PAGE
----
These literature-based unit study curriculum guides are so named because you spend five days in a row (a full week; one day for each subject area) using a particular children's book as the theme for multiple academic subject areas. Five in a Row (FIAR) Volumes 1-3 cover social studies and character, language arts, math, science, and art through 15-21 children's books. The literature selections, primarily picture books, contain positive moral values reflecting Biblical values. Christian content is not incorporated in Volumes 1-3, but is available separately in a Christian Character & Bible Study Supplement. Five in a Row Vol. 4 is for slightly older students (Grades 2-4) and features fewer books, some of which are stretched to two weeks of lessons. Christian content is included in the Volume 4 guide.
Before Five in a Row takes the same concept, but simplifies it for ages 2-4, with multiple activities provided for each book, but not as structured between days of the week.
Beyond Five in a Row is the next step up (for Grades 3+), and these guides are structured around chapter books. Activities at this level incorporate history, geography, science, language arts and fine arts with Christian Character and Bible content available separately.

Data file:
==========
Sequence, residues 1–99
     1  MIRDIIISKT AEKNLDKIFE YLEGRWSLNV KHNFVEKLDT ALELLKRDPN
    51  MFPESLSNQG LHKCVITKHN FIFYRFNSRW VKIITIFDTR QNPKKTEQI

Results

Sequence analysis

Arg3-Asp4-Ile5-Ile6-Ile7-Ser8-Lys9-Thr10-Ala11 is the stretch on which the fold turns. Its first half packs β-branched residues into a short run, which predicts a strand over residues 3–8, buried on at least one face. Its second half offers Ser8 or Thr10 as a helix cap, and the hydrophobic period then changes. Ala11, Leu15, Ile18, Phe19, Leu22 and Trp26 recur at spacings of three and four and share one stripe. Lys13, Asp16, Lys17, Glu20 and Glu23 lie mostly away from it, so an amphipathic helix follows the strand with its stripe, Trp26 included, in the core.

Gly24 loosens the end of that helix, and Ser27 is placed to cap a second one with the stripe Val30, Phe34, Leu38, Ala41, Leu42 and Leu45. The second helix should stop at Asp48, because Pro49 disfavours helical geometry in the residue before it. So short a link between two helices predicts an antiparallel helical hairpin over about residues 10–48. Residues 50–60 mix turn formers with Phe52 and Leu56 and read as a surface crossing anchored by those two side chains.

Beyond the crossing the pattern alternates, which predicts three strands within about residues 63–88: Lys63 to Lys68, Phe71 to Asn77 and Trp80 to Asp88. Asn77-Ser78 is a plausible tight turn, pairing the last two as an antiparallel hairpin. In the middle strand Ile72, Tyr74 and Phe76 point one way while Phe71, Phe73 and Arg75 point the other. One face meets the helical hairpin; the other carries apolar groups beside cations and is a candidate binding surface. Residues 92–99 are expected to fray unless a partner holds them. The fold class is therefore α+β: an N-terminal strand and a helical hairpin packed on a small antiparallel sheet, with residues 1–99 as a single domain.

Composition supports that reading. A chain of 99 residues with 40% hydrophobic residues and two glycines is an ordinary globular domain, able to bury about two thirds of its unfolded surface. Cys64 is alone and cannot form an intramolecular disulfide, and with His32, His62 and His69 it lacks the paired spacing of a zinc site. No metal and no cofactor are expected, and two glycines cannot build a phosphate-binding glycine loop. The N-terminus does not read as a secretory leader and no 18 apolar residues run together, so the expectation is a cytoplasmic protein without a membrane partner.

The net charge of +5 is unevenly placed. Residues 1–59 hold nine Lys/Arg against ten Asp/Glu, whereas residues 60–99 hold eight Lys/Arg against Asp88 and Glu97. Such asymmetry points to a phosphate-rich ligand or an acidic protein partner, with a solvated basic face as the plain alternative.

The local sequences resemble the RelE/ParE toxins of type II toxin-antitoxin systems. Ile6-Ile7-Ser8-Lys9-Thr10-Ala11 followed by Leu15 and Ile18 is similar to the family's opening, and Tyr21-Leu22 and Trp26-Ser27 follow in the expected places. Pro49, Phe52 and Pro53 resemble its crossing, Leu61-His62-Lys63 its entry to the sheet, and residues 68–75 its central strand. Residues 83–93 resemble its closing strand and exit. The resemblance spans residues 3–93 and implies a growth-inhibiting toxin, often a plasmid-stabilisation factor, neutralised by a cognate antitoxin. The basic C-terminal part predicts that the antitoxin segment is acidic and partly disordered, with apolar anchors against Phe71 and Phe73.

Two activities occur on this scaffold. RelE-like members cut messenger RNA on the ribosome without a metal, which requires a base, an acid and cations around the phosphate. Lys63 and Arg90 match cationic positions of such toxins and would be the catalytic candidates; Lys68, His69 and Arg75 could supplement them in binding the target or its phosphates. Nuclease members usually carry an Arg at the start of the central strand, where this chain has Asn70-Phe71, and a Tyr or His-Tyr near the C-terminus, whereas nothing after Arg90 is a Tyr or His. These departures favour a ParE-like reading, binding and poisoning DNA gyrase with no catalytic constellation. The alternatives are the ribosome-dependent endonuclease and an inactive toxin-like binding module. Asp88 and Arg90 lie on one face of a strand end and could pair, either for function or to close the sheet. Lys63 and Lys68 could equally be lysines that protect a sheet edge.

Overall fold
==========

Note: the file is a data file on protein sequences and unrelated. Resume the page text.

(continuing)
What is a "unit study"? Briefly, it's a thematic or topical approach to teaching as opposed to the traditional by-subject approach. Rather than teach each subject separately, a unit study attempts to integrate many or all subject areas into a unified study - usually centered around a particular subject or event. Obviously History (the study of events) and Science (the study of "things") are well-suited to unit studies, and usually form the "core" around which other subjects are integrated. Subjects like Bible, Geography, Government, English (writing), and Reading/Literature, Music, Home Economics, Life Skills, and Art, are usually easy to integrate around a core topics. Remaining subjects (Math, Phonics, Grammar, Spelling) can be integrated to some extent via related activities. Each, however, has its own "system" (progression of skills, mastery of "rules") which must be followed to some degree. Since one of the additional advantages of a unit study curriculum is the ability to use it with students of varying ages and skill levels, these subjects are generally taught apart from the core curriculum. This may be as simple as assigning pages in a grammar or spelling book, or using a separate "program" for Phonics and Math. Unit studies also tend to be more activity-oriented than the traditional approach, a real boon to kinesthetic learners. Advocates of the unit study approach site studies showing that children learn best when learning is unified rather than fragmented and when learning is more participatory than passive.